When the Durretts first saw the split level house under construction by Poff Construction, Rick was not impressed. “I didn’t like the location, and it wasn’t graded out back,” he says. It was 1972, and they bought it anyway. “It turned out wonderful when all the work was done,” Rick concedes.
But, as any homeowner knows, the work is never really done. Rick and Jane Durrett have renovated, redecorated, added on, converted rooms and crafted a multi-level sanctuary out back across 47 years. These high school sweethearts were in the last class  to graduate from the old Valley High School in Hot Springs, Va. They have been married 62 years and lived in this Christiansburg home three-quarters of their lives together, raising three kids and working locally.
Rick’s job with Sears brought them to the New River Valley. He has a varied work background and owned convenience stores much of the time. Jane worked for the News-Messenger selling ads for 28 years. But it’s home that brings them joy, tranquility and a peaceful retirement.
A very large fourth bedroom was added downstairs. The carport was converted some years ago, and the kitchen renovated just before the turn into the 21st century. At Jane’s direction, Rick paints the kitchen at least every five years. Most recently, they have had hardwood floors installed.
The centerpiece in the front yard is a beautiful red maple with an American flag and lovely circle of stonework filled with mulch, lightscaping, low shrubs and a couple of guardian geese. Everything out front is super neat and tidy.
A spacious sunroom was added on the back outside wall of the house, and that brick wall holds Jane’s collection of sun faces. She calls it the Garden Room. A second sun room sports a wood ceiling and three sides of windows with bamboo roll up shades. “It is all cedar wood and very warm on a sunny winter day. We have a portable A/C unit for summer,” Rick says.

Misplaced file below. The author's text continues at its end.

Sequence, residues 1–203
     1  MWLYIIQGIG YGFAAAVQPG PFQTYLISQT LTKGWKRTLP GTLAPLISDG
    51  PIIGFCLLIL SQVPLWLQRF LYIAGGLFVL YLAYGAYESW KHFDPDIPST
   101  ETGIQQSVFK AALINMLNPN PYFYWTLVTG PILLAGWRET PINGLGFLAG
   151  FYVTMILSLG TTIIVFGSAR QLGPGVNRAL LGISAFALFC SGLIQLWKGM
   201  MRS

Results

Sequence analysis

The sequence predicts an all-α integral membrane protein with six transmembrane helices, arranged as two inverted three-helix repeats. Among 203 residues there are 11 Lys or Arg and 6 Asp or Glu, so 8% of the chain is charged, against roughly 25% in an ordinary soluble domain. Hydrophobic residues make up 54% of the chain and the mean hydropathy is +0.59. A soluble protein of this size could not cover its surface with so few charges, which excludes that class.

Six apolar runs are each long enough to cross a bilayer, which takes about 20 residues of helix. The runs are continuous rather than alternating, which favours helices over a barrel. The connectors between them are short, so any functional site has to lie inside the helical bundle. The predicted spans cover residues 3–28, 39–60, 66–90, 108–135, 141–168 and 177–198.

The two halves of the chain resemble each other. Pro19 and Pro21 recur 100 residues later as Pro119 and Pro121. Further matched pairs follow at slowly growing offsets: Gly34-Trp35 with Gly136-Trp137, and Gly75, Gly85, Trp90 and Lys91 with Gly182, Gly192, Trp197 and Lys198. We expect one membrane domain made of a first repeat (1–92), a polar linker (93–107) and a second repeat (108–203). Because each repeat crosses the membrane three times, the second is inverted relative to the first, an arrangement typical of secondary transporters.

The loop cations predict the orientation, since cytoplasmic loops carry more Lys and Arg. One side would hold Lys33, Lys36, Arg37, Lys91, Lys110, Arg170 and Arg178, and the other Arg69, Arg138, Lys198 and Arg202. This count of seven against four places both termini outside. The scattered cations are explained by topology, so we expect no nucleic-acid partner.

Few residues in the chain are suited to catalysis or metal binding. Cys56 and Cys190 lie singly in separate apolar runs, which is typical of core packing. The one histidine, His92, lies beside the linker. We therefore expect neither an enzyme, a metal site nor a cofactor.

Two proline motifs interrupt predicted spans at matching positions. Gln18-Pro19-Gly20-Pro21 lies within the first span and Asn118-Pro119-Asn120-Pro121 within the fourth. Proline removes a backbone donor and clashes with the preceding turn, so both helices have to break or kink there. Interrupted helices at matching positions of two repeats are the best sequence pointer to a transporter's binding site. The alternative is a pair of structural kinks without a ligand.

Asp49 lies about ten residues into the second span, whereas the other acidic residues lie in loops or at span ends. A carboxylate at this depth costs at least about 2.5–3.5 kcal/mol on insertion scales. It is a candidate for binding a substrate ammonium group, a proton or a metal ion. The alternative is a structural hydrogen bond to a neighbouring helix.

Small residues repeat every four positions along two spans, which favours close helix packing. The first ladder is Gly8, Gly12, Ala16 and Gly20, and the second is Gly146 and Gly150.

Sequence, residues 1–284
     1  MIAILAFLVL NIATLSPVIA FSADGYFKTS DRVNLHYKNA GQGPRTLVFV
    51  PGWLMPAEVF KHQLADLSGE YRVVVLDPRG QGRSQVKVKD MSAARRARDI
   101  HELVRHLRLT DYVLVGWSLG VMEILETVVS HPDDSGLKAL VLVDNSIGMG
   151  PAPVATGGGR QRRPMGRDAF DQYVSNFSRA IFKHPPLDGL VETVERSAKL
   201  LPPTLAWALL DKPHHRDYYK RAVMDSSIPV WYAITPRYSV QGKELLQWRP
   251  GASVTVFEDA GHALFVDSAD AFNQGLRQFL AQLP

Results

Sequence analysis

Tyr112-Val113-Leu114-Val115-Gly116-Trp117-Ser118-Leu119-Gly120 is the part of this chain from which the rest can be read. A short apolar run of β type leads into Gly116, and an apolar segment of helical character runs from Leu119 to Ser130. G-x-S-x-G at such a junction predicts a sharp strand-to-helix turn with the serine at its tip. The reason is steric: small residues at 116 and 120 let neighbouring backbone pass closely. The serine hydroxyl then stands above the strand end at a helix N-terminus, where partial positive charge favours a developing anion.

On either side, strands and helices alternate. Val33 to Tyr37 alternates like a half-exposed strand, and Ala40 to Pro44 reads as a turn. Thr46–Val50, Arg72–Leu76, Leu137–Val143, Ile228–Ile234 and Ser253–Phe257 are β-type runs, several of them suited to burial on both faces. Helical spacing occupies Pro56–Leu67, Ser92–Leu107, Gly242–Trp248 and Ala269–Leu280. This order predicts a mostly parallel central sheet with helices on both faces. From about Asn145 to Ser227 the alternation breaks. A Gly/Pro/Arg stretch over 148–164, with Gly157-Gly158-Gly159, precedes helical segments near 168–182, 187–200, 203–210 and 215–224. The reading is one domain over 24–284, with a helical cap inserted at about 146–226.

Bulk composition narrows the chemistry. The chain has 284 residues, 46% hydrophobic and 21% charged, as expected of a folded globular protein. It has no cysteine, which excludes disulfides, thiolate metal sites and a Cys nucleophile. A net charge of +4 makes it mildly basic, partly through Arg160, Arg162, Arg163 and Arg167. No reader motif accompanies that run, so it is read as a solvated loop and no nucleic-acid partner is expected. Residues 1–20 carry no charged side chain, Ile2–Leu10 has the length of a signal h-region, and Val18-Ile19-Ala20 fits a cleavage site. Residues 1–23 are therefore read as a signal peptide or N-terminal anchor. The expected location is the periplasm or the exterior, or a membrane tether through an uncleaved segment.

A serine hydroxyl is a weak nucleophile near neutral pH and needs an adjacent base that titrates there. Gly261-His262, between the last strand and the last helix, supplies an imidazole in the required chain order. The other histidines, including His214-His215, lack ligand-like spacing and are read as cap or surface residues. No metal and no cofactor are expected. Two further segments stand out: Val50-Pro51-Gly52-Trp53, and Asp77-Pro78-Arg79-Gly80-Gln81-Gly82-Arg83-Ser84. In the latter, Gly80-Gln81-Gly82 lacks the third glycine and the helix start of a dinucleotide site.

The backyard was home to a pool for 25 years, which is gone, and now it is a glorious, multi-level collection of decks, pathways, fences and covered spaces with statues, flowers and garden trinkets Jane has collected – or received for anniversary or birthday presents – across decades. Rick figures he figuratively owns the ridge behind them. “No one can build on it. It is super steep and might as well be mine,” he jokes. And it gives them privacy and the nature and wildlife view they so love.
Jane came home one day with a lovely framed glass piece, and she proceeded to paint Happy Garden Happy Life on it. Every description by Rick of everything in the backyard and front yard is pretty much the same: “We did it together.” They have built, in Jane’s words: “The kind of home you want to come home to; a place where grandkids can relax and climb on the furniture.”
They think about moving. A smaller house. A smaller yard. Smaller gardens. “But we love it so much, we can’t move,” Rick states emphatically. “It’s home!”
Text by Joanne M. Anderson
Photos by Tom Wallace